Novavax (NVAX 9.11%) was last year's stock-market star, with gains of more than 2,000%. The biotech company impressed investors as it brought its coronavirus vaccine candidate through clinical trials and won $1.6 billion in investment from the U.S. government. The shares extended gains early this year, climbing 186% through a peak in February. But lately, things haven't been so easy.

Rivals Pfizer and Moderna have fully vaccinated more than 30% of Americans...while Novavax remains on the sidelines. Most recently, the company postponed its regulatory requests; it now will complete requests for authorization in the third quarter instead of the second. As a result, its shares have dropped more than 40% since the beginning of the month.

But that doesn't mean you should flee Novavax. Instead, here's why you should consider buying this biotech stock on the dip.

A man takes notes while studying a laptop at a desk in his living room.

Image source: Getty Images.

The initial rollout

Novavax obviously won't benefit from the initial vaccine rollout in the U.S. The country bought enough doses from Pfizer and Moderna to cover most Americans. Novavax may even struggle to carve out market share in the following year: The U.S. may continue to opt primarily for Pfizer and Moderna if it's satisfied with the performance of their products.

But Novavax may stand out in a big way internationally. The company is in talks with the European Commission about a possible supply agreement. And several European countries are turning their backs on AstraZeneca and Johnson & Johnson, after some individuals who received their vaccines developed rare but sometimes deadly blood clots.

European Commission President Ursula von der Leyen recently announced a deal for 900 million Pfizer doses through 2023. Importantly, von der Leyen also said that "other contracts and other vaccine technologies will follow." We might imagine Novavax as one of the beneficiaries.

So far, Novavax has agreements signed for the delivery of 200 million doses to various countries. And it has signed an advance purchase agreement for 1.1 billion doses with Gavi, the Vaccine Alliance, which covers low- to middle-income countries. Novavax says that even these sales at lower prices will help build the business at a rapid pace. In fact, the company expects to produce billions of dollars in revenue within the next four to six quarters.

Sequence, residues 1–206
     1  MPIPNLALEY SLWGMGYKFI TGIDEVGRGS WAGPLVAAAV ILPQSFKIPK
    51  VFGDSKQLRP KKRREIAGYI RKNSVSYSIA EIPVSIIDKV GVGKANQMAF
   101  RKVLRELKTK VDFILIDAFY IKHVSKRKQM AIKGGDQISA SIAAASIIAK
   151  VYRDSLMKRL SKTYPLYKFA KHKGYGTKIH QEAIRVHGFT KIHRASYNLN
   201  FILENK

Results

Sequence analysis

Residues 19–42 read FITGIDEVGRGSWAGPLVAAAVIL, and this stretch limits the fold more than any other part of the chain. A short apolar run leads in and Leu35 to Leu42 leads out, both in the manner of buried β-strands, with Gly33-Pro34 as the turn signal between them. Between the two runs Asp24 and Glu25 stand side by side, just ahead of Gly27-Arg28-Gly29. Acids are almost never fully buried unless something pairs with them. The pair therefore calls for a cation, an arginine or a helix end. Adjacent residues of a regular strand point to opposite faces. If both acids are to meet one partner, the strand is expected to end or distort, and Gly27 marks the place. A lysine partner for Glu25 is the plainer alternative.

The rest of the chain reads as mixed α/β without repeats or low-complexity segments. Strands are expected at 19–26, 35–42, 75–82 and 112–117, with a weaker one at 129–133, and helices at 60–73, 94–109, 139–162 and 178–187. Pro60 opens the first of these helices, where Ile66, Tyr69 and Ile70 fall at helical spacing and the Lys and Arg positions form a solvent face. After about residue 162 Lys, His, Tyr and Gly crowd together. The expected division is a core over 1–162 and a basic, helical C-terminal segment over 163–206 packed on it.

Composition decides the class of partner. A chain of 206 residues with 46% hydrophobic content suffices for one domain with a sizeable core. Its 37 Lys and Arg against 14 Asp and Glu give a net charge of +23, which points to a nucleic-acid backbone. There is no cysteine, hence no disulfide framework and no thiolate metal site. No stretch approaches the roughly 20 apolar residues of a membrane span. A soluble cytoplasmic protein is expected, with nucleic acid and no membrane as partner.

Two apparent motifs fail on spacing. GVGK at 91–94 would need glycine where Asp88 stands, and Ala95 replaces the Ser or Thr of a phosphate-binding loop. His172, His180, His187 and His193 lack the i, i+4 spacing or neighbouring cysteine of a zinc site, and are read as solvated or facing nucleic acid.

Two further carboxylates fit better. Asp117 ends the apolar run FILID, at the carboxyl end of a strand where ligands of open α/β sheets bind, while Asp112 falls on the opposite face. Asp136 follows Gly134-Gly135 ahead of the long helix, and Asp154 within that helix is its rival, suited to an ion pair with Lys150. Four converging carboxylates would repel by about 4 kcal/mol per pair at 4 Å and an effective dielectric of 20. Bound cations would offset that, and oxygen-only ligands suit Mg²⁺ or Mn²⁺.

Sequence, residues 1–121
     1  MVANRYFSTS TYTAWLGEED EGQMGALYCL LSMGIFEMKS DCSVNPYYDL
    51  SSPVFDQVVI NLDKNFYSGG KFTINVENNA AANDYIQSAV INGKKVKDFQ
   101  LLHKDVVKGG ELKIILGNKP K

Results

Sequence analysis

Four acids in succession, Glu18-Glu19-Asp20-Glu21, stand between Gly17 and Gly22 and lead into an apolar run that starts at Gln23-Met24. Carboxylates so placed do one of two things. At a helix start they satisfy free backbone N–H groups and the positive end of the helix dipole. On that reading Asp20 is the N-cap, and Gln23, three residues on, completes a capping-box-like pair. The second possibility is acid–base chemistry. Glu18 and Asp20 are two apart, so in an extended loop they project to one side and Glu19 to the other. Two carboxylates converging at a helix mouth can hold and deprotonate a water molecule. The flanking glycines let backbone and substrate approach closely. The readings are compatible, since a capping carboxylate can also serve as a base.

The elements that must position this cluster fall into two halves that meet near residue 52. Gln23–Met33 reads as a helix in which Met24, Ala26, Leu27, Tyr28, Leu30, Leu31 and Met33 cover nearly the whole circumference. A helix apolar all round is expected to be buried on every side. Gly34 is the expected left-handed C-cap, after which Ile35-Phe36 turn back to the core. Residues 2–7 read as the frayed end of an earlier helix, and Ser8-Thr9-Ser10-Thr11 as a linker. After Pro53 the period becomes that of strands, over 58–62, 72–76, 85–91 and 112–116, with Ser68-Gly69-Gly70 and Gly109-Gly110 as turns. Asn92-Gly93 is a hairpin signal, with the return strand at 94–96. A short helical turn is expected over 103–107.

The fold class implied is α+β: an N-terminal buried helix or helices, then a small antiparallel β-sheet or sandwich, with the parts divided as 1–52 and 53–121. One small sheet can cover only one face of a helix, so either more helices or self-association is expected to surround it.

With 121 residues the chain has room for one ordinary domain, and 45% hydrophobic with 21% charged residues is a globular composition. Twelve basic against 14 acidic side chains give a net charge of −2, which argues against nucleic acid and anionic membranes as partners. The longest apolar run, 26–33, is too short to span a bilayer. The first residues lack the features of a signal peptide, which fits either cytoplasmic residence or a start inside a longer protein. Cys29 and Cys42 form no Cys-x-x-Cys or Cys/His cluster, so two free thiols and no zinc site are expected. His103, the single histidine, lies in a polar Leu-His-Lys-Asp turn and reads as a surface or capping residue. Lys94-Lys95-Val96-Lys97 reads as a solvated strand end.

A winner in the long term

All of this represents a near-term opportunity. But what about the longer term? Here, Novavax could be a winner as well.

Novavax recently said its combined influenza/coronavirus vaccine showed encouraging results in preclinical studies. In ferrets, vaccination produced high antibodies against both viruses two weeks after an initial dose, then even higher levels after a second dose. A study exposing vaccinated hamsters to the coronavirus showed little or no virus in their respiratory tracts.

The launch of a combined vaccine would happen farther down the road. The company must reproduce positive findings in human trials. Novavax says it expects to start clinical studies of the potential product later this year. And it would aim to bring such a product to market by 2025. Novavax is basing this candidate on its investigational coronavirus vaccine combined with NanoFlu, its flu vaccine candidate.

NanoFlu met all primary endpoints in its pivotal trial last year. And data from the U.K. clinical trial of the coronavirus vaccine was favorable -- showing 96.4% efficacy against the original version of SARS-CoV-2. So, it's clear Novavax has the tools to make this sort of combination happen.

A look at the stock

Now let's look at the stock price. Sure, Novavax may have skyrocketed last year and early this year. But if we consider its potential for revenue, it may not be so expensive after all. The average analyst estimate for earnings per share next year is $32.07. EPS in the future could move higher if Novavax is successful with a booster shot -- now being tested in phase 2. And today's work on variant-specific vaccine candidates and the combined flu/coronavirus candidate may result in other profit drivers.

Novavax shares aren't the best choice for the cautious investor; they've been volatile. And they're sure to react -- positively or negatively -- to any coronavirus news. So this biotech stock is a better bet for investors who can handle some risk, and don't mind seeing their investments perform a yo-yo move here and there. But considering the clinical trial data we've seen so far, I'm confident that over time Novavax will produce major revenue -- and lasting share price gains will follow.